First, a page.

David Navarro LΓ³pez

David Navarro LΓ³pez

2 years ago #15

to your question "If you were in my position what would you do?" , I would say. Dear Daughter, if you believe you can come to me with such a question, and somehow get what you are after, then it means I can not be such a difficult father, or at least, you don't really believe I am. When she replied β€œNo, because I want to test my power of persuading you to accept my suggestion”, I would say: What about you as a daughter? aren't you difficult? Is it not LOVE supposed to be the basis of a "good daughter"? Challenging your father and trying to submit him is being a "loving daughter"? Please, don't accuse others of your own sins. The same way that the father is accepting the daughter as she is, it should be the other way around. To bring to jail to your father because he is a difficult father, it doesn't make the daughter look better. Furthermore, what is the point of it? To have a judge saying he is a difficult father, and send him to jail? What is the gaining of this action for the daughter? Just revenge. For a father, is punishment enough to have a daughter thinking in these terms. Jail could be a relief in this case. My conclusion is: No. As a difficult father you think I am, pay for your own things from now on. All of them. You can live my house now, as you haven't understood what is all about, and come back when you do.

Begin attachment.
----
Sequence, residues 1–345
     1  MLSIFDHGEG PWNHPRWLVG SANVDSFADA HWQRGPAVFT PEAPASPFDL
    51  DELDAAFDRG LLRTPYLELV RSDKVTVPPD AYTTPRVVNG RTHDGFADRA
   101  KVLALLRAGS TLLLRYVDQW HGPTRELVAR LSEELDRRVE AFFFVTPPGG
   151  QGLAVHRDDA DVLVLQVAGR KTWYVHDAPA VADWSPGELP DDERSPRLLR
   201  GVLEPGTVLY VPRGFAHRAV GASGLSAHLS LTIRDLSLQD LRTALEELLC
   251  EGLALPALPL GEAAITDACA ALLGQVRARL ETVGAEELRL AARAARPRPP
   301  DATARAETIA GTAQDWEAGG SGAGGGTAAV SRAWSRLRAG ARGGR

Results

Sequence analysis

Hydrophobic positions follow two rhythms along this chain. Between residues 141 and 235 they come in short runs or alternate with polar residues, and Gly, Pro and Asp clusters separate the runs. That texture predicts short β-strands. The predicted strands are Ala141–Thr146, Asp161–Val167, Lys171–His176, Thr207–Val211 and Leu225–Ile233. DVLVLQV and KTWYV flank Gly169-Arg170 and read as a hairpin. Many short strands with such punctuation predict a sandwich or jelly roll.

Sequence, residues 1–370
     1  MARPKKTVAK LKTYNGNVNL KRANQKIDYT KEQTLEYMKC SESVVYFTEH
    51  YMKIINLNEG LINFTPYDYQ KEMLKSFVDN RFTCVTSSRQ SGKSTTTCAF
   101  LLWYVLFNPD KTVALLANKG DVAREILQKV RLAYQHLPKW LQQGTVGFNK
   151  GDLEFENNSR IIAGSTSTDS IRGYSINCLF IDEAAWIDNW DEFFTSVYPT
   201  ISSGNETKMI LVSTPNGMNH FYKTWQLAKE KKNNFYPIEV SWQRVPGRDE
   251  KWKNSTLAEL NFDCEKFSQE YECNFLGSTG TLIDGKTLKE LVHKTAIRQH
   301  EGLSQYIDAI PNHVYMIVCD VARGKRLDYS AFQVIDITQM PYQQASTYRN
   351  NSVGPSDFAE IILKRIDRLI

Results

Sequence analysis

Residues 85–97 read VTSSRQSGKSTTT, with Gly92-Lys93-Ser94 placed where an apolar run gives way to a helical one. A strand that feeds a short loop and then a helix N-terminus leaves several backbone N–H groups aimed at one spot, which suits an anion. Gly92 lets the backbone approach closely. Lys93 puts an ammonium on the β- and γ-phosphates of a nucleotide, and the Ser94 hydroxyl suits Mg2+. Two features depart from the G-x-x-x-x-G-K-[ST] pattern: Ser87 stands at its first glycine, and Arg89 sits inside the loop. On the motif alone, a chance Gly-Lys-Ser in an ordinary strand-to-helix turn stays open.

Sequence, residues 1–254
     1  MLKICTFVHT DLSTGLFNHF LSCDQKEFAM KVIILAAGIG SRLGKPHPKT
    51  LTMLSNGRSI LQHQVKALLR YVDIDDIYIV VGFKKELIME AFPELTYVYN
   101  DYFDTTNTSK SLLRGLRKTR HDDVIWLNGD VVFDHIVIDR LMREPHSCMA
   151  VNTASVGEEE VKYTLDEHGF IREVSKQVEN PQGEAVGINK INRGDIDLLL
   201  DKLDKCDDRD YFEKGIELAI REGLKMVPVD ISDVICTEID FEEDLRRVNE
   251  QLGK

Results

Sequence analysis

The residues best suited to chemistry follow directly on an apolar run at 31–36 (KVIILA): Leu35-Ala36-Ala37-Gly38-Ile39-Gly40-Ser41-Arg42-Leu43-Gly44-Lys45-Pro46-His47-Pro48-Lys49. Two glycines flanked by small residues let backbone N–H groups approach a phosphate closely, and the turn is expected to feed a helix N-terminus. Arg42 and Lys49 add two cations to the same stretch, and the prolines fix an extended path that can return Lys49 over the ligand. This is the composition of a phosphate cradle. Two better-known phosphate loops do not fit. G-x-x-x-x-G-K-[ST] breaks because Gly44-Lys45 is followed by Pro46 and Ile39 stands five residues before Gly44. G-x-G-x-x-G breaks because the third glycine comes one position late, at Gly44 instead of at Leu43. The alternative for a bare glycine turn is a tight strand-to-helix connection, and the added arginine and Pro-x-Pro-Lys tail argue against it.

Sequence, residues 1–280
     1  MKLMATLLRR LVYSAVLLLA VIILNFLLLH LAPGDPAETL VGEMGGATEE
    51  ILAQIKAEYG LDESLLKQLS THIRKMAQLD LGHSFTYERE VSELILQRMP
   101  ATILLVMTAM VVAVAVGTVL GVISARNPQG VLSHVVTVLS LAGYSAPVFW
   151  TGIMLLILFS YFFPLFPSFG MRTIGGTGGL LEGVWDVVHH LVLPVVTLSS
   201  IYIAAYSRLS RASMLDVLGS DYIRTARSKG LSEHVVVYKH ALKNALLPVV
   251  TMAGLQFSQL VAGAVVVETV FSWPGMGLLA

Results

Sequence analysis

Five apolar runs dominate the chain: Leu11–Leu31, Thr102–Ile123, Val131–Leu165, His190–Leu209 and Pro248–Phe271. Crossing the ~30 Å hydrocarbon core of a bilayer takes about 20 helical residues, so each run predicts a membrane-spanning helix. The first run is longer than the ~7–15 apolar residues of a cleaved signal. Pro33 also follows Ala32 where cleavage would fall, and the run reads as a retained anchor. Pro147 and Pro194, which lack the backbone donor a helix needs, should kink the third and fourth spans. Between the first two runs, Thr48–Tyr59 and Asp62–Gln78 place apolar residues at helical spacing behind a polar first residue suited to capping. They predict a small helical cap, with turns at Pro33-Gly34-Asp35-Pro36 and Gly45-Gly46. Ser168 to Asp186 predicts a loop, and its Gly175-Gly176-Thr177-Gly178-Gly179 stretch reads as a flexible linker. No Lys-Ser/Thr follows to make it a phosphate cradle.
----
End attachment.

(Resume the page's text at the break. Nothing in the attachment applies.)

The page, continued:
Ali 🐝 Anani, Brand Ambassador @beBee

#2
Oh dear Clau Valerio- you have a human heart and you read the scenario realistically. The importance of your writing "Creating a healthy relationship between father and daughter is as simple as spending time together..." is wise to consider. In my case the relationship with my daughter , for me and all people who know us, is based on love and passion. I doubt Sara would have asked this question for any other reason than challenging me with a difficult and emotional question. She succeeded because I shared her question with the readers. But you read her good intentions very successfully even though you don't know Sara. Bravo

Ali 🐝 Anani, Brand Ambassador @beBee

#4
Thank you dear Tausif Mundrawala. You too remind me of a new paradox that I may consider in a forthcoming buzz. It is knowledge that sometimes limit us . This is applicable in my case because knowing very well my daughter limited me from imagining many suggestions offered here and on LI. I thank you for your provocative comment.